I want to thank all of you who talked with me and offered your resources during the time. If I didn’t take you up on the offers, it was only because I didn’t want to make the service more unavailable during the transition than it already was – but know that I really do appreciate the offers and the concern. Thank you.
So, what could I have done better? Tons.
Firstly, Varnish will be put in place. I don’t know of a way to load-test against 500,000 requests (if you do, please comment!), but I can at least watch performance metrics and compare them to how the site scales now.
Speaking of, I’m going to start collecting performance metrics. Right now, the page loads entirely in 4.95 seconds. I know that because I have Firebug installed in Firefox, and I just checked it. That’s the kind of stat I should be monitoring and recording so I can watch it over time. So I’m going to start doing things like that, too.
Anyway, that’s enough post mortem for a blog server, I suppose. Thanks to all of my readers (old and new). Hopefully we’ll have that problem again in the future!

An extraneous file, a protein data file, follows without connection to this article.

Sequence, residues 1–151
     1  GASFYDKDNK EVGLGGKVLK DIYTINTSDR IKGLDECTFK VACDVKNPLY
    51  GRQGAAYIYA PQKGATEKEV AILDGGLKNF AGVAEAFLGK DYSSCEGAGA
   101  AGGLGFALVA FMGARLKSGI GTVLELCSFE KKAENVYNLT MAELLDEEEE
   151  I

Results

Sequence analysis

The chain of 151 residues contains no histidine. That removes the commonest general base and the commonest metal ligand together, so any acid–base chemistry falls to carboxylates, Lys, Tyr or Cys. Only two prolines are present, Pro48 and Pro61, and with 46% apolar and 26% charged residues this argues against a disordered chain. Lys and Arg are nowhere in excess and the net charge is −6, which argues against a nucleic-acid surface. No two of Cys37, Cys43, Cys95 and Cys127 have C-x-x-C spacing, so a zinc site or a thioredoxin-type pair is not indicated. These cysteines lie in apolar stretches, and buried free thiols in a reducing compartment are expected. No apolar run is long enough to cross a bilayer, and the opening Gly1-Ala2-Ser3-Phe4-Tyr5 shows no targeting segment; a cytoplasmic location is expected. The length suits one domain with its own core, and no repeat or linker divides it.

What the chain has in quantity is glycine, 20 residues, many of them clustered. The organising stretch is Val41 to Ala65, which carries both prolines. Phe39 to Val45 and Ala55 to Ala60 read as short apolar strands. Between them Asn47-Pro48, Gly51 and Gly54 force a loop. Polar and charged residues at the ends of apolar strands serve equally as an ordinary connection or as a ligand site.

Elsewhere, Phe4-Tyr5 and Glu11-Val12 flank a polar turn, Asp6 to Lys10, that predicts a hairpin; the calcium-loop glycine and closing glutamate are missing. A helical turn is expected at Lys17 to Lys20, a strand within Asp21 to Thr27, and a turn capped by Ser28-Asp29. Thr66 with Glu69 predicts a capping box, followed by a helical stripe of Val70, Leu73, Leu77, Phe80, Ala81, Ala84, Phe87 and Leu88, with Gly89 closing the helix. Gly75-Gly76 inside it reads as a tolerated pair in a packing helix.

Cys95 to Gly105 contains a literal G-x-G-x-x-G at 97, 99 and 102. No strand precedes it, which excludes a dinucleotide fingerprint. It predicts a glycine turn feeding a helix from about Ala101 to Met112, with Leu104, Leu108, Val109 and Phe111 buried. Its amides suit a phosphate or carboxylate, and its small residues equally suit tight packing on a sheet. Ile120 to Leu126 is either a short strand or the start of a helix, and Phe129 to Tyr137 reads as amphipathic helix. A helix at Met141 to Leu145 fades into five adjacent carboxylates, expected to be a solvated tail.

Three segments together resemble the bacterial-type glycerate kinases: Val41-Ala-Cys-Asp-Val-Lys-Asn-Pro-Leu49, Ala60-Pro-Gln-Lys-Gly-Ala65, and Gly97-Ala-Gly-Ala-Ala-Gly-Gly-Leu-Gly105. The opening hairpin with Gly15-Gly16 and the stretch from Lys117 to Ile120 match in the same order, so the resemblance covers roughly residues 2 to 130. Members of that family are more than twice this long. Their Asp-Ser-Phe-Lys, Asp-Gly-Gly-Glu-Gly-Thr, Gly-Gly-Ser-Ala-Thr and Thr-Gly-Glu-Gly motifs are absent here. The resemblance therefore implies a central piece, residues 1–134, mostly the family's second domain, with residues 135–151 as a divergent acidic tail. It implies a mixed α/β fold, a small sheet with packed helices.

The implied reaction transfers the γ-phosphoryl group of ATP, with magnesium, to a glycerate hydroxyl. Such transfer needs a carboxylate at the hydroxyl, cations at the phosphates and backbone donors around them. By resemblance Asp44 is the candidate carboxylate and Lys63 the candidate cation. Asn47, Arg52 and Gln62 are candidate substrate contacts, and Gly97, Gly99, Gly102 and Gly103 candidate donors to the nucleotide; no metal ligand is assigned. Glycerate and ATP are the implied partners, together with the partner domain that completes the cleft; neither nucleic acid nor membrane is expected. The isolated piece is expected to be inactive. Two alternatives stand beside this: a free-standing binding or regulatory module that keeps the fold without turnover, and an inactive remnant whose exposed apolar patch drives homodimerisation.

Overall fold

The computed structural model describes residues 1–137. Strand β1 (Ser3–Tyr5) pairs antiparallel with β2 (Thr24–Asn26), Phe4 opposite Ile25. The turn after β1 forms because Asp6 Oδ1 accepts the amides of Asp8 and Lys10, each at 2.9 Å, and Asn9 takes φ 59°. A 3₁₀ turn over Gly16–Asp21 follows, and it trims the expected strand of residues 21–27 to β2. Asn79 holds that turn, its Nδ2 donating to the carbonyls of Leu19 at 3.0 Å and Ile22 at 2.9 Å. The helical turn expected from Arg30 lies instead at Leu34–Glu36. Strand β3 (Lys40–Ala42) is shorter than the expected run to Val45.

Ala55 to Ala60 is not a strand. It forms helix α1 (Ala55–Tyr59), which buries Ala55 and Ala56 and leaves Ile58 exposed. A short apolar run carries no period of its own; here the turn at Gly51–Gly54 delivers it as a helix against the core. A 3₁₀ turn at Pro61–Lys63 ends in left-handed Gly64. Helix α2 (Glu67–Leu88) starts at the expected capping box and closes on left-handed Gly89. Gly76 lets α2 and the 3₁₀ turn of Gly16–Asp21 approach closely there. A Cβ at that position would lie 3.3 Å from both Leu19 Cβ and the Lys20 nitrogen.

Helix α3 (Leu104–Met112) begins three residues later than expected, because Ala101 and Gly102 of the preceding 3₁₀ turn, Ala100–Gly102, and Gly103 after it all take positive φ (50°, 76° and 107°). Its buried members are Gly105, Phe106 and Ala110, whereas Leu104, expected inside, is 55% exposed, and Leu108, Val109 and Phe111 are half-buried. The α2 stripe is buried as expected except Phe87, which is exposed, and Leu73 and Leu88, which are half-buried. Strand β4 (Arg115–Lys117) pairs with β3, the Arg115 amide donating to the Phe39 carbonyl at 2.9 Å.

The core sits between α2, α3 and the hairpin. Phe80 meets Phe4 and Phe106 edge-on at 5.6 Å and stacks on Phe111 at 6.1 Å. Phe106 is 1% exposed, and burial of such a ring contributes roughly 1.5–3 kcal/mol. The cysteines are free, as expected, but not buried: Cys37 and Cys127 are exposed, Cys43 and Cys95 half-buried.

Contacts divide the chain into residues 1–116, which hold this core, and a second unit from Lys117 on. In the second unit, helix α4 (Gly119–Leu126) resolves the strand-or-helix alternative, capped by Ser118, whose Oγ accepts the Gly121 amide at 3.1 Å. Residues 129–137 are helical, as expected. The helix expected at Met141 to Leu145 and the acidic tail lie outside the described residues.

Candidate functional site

I promised an update with the information that I received from my survey of pay types, and here it is.
Over the past several days, I received 567 responses from people, both in the United States and around the world. The law that we were discussing was relevant only to the United States, so I’m going to give the stats with the international visitors at the end.
From the US, there were 489 responses. Here’s how they break out:
Hourly or Salary?
About what percent of the time do you receive any overtime pay?
(17) any employee who is a computer systems analyst, computer programmer, software engineer, or other similarly skilled worker, whose primary duty is—
(A) the application of systems analysis techniques and procedures, including consulting with users, to determine hardware, software, or system functional specifications;